More Than 700 People Have Tested Positive For Coronavirus on Rikers Island, Including Over 440 Staff

Rikers Island
A view of the entrance to Rikers Island penitentiary complex in New York, May 17, 2011. At least 900 inmates have been released from New York City facilities, which are run apart from the state system, due to concerns about COVID-19 transmission. MMANUEL DUNAND/AFP/Getty

At least 287 inmates and 441 employees inside the New York City Department of Correction system, which includes the Rikers Island jail complex, have tested positive for COVID-19 as of Wednesday morning, officials reported.

There are 4,353 inmates held in New York City facilities, according to official data. That yields a rate of infection within the city's correctional system of 6.6 percent, more than seven times higher than that of New York City at large and nine times higher than the rate in New York State.

Public defenders and criminal justice advocates have long warned that conditions inside Rikers would provide fertile ground for COVID-19 to spread, perhaps unchecked, throughout the prison complex.

In response to concerns about the unique vulnerabilities of the prison system to spread infectious disease, Governor Andrew Cuomo and Mayor Bill de Blasio have begun to release some low-level offenders from custody in order to reduce prison density.

In late March, the state's Department of Corrections and Community Supervision (DOCCS), pursuant to a directive from Cuomo, released approximately 1,100 inmates who were being held on technical violations of their parole.

Advocates have called this move insufficient. In a letter to Cuomo and Anthony Annucci, the acting DOCCS commissioner, the Legal Aid Society in New York City called on the state to release a specific set of 105 inmates "due to their unique vulnerability to complications from COVID-19."

"Many have release dates that are only weeks away," the group said. "Given the exponential spread of the virus, this could mean the difference between life and death."

The letter also draws attention to conditions inside prisons across the state, many of which it says "have run out of certain hygiene and cleaning supplies."

At least 900 inmates have been released from New York City facilities, which are run apart from the state system, due to concerns about COVID-19 transmission.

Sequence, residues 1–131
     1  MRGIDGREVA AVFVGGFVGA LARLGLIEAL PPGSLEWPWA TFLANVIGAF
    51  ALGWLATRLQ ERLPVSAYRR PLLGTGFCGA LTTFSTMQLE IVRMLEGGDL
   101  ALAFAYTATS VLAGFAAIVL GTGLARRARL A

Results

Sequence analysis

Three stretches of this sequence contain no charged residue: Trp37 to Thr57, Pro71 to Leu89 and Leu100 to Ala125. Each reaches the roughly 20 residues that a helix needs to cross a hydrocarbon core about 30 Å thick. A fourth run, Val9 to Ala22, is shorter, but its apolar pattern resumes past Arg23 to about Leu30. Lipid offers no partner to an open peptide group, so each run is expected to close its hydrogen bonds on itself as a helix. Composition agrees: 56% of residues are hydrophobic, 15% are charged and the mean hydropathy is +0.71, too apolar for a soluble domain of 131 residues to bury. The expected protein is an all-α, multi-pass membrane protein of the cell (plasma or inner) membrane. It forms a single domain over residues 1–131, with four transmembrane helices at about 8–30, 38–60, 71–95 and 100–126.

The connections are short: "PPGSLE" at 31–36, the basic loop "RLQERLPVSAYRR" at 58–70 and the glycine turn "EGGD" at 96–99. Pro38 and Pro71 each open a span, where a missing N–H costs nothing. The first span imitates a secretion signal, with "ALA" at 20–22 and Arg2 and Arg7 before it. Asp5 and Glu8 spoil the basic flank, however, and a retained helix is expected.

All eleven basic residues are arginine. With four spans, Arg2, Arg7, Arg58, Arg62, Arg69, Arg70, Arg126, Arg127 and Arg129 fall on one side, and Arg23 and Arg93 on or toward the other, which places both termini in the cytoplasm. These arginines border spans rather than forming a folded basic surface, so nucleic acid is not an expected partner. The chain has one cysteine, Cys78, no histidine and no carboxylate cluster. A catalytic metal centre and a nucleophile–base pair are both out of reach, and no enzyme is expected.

The Correction Officers' Benevolent Association, a union representing New York City correctional officers, sued the department last week over allegations of inadequate supplies of personal protective equipment for employees.

A Queens Supreme Court justice granted the union a temporary restraining order, requiring the city to provide certain employees with N95 respirators before each shift, to conduct regular COVID-19 testing and to regularly sanitize working areas.

Responding to complaints of dwindling hygienic supplies at New York City jails, de Blasio said at a news conference Wednesday morning that correctional officers "who require any form of mask or face covering" will receive it.

"Yes, that has been sent and will be continued to be resupplied as needed," he said. "For inmates, the same."

The city and state correctional programs have taken some proactive measures to reduce the risk of transmission, such as by limiting or suspending visitations.

However, several have died from the disease.

Michael Tyson, a Rikers Island inmate who was being held on a technical violation of his parole, died after testing positive for COVID-19. His is the first death from the disease inside the prison-island complex. Additionally, at least six correctional officers have died of COVID-19.

The Legal Aid Society, Tyson's counsel, expressed anger over the news of his passing and doubled down on calls to winnow the prison population to safeguard inmate health.

"Governor Cuomo has the authority to grant clemency and exercise other forms of executive authority to release our vulnerable clients and other incarcerated New Yorkers now," Tina Luongo, attorney-in-charge of the Legal Aid Society's criminal defense practice, said in a news release. "It is time for the Governor to employ the full breadth of those powers and to act without delay to avoid further catastrophe."